I come to not to bury the W-body Impala, but to praise it.
With the NYIAS introduction of its replacement, we can now legitimately call Chevrolet’s pocket battleship of a full-sizer the “old model”, although if we are speaking truthfully, it virtually qualified as the “old Impala” when it was introduced thirteen years ago. At the time, it seemed like more woeful evidence of General Motors’ ineptitude, a quick mash-up of a Lumina with powerplants so ancient there are probably cave paintings somewhere in Altamira documenting an early TSB campaign for them, complete with pictograms of how to use a wooly mammoth to power an engine hoist.
A funny thing happened along the way, though: the Impala started to find things. First it found a place. Next, it found character. Finally, and not everyone will agree, it found redemption.
The new-for-2000 styling, best described as “anonymous middle-aged Georgia white trash”, didn’t promise much, and the interior, best described as “Malaise left in the dryer to shrink”, couldn’t even deliver on those meager hopes. The reviewers of the day pounced on the newborn Impala the same way African lions did. It was an also-ran from the start, hobbled out of the gate, destined to suffer through a typically Methuselan and pathetic GM product lifecycle before gracelessly retiring to second-tier salvage yards across the country. Naturally, there would be some sort of horribly embarrassing facelift halfway through to point out just how obsolescent the car was. There was even a minor possibility that the Impala would somehow “pull a Fiero” and become decent, mildly desirable transportation right before the order came down to cancel production. Regardless, the story was bound to be tragic at best, tragicomic at worst.
I was there at the Detroit Auto Show when the 2000 Impala made its debut. Not as a journalist, of course; I was merely a former car salesman with the vestigial tail of professional interest in volume-market sedans. It was mounted on a vertical display within sight of the also new-for-2000 Pontiac Bonneville. I naturally, and wrongly, assumed that they were platform twins because they shared numerous detail touches, including horribly outmoded-looking recessed headlamps. From the front, the car had an odd mixture of aggression and pathos about it. Compared to the Impala that had gone before, the Orca-esque B-body Impala SS, this looked like… nothing in particular. The interior wasn’t anything to write home about, either: the plastics were typical GM and for those of us who were used to European seating positions the front bench seemed deliberately uncomfortable. Only the tail had any merit: Chevrolet had finally returned circular taillamps to the lineup. Naturally, GM’s inability to do anything right meant that these evocative, jet-exhaust-esque details were submerged within a sea of low-grade semi-transparent plastic that would likely cloud over before the warranty, which wouldn’t cover said clouding, expired.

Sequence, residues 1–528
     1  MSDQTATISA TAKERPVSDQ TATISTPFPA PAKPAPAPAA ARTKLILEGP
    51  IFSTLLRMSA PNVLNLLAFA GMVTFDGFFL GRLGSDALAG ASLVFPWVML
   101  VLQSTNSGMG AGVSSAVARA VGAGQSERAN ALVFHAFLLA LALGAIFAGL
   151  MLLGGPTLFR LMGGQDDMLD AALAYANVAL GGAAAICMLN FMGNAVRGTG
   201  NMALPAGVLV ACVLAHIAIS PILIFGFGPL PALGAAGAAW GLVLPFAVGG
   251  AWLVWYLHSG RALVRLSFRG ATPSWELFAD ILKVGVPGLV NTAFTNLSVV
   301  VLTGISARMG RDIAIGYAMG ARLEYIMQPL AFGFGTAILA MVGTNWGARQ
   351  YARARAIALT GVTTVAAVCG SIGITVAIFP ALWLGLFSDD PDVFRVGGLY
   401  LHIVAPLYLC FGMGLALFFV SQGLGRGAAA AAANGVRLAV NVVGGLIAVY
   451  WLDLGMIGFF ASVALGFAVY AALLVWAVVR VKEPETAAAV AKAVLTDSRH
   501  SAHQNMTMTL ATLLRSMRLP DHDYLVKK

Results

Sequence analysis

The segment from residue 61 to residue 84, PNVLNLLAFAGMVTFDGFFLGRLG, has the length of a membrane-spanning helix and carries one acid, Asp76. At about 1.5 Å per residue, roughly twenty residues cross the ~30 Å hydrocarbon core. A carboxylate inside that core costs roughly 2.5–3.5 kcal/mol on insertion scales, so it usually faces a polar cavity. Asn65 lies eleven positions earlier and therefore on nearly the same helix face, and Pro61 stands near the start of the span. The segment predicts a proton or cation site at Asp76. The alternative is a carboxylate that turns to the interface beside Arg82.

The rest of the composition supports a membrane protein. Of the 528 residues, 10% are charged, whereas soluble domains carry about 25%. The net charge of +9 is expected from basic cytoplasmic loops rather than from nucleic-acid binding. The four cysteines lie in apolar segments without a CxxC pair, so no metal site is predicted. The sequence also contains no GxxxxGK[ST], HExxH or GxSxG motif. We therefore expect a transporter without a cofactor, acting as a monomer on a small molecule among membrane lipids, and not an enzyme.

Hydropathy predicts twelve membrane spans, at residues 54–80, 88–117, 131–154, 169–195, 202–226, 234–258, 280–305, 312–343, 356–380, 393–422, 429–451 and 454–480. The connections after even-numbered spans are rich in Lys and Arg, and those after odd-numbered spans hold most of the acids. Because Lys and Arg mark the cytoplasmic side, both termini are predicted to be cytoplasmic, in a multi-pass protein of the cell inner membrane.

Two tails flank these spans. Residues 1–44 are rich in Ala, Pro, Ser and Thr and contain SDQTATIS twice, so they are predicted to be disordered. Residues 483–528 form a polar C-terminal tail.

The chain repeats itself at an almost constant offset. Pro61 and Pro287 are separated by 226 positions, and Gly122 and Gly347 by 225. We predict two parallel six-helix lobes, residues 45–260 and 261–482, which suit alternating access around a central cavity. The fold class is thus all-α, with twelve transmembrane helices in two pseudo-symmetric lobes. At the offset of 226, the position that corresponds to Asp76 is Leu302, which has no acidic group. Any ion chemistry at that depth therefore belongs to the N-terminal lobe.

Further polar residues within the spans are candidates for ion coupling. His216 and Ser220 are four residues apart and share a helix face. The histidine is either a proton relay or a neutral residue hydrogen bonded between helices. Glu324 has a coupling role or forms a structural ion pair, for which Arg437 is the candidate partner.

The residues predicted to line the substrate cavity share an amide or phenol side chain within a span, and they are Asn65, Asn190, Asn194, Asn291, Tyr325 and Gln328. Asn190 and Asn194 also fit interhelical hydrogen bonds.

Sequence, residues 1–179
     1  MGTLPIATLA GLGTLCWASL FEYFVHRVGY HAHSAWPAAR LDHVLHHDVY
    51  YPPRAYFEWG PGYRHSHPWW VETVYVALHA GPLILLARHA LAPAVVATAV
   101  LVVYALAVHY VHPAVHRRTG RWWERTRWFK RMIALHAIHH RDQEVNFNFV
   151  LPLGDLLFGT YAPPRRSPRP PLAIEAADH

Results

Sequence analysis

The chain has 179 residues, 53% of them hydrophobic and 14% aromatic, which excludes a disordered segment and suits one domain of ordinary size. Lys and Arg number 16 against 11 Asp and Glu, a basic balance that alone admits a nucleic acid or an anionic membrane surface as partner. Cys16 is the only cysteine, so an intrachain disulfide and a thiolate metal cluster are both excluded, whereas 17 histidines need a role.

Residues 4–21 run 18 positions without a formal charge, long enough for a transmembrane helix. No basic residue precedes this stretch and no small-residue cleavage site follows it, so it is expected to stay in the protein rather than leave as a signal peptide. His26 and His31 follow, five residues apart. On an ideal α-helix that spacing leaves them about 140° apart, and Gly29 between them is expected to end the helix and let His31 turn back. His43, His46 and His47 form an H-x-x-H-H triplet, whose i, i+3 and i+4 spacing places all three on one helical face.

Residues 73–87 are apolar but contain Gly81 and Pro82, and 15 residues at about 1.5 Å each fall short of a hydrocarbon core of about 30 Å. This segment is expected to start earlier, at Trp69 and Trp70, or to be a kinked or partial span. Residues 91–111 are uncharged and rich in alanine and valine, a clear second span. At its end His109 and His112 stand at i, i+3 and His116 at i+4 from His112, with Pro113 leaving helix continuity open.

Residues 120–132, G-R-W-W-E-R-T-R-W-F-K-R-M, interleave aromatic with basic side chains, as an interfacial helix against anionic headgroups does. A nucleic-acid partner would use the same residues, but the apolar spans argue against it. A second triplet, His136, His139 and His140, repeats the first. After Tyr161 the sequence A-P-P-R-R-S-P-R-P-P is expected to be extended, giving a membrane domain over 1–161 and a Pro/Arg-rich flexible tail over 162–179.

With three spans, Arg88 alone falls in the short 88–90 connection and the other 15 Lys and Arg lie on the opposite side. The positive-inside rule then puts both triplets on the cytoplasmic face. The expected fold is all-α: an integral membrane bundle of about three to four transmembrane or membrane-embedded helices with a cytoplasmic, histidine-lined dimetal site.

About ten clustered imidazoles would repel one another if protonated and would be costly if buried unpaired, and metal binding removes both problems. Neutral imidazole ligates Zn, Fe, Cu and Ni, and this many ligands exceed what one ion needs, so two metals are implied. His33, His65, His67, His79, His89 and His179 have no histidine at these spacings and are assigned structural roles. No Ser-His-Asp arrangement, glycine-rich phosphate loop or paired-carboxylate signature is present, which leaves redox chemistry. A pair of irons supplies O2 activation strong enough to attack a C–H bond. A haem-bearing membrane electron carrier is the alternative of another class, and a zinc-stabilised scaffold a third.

The Impala appeared to be some sort of generic full-sized car, except it wasn’t truly full-sized, not at two hundred inches stem to stern, not when Ford had just revamped the Crown Victoria yet again, not when the Chrysler LH cars made it look weak, timid, and — yes! — small. Worse yet, in the engine bay, where the Ford had the controversial but still inarguably American mod-motor V-8 and the Intrepid offered an ultra-modern, import-humiliating 24-valve V-6, GM couldn’t be bothered to install anything better than the old “3800″. Blech.
Did you know anybody who bought a new 2000-2005 Impala? I certainly never knew, or even met, anyone who did. Yet the Impalas multiplied on the Midwestern streets, fleet beige strippers and frustrated-dad Supercharged SS models in chintzy gloss black. They became company cars, inner-city cop cars, second-choice taxis. They were never a car that anyone seemed to want, but yet people ended up driving them, riding in them, owning them. They were all around, wedge-shaped cockroaches in the American cupboard.
Looking out the window of my generic corporate office here in Dublin, Ohio, I can see three Impalas of that generation in the parking lot. Silver, silver, dark blue. They’re at least eight years old now, but they still look clean, decent, and unrusted. Isn’t that also like a cockroach? Durability regardless of aesthetic appeal? It turns out that the General’s glacial efforts had finally refined the old GM10 into something that would last, particularly if the original owner had ponied-up for the 3800 engine. The trim didn’t fall off. The interiors turned nasty and grimy, but everything still worked. Impalas started to earn respect, back there in the middle of the Noughties.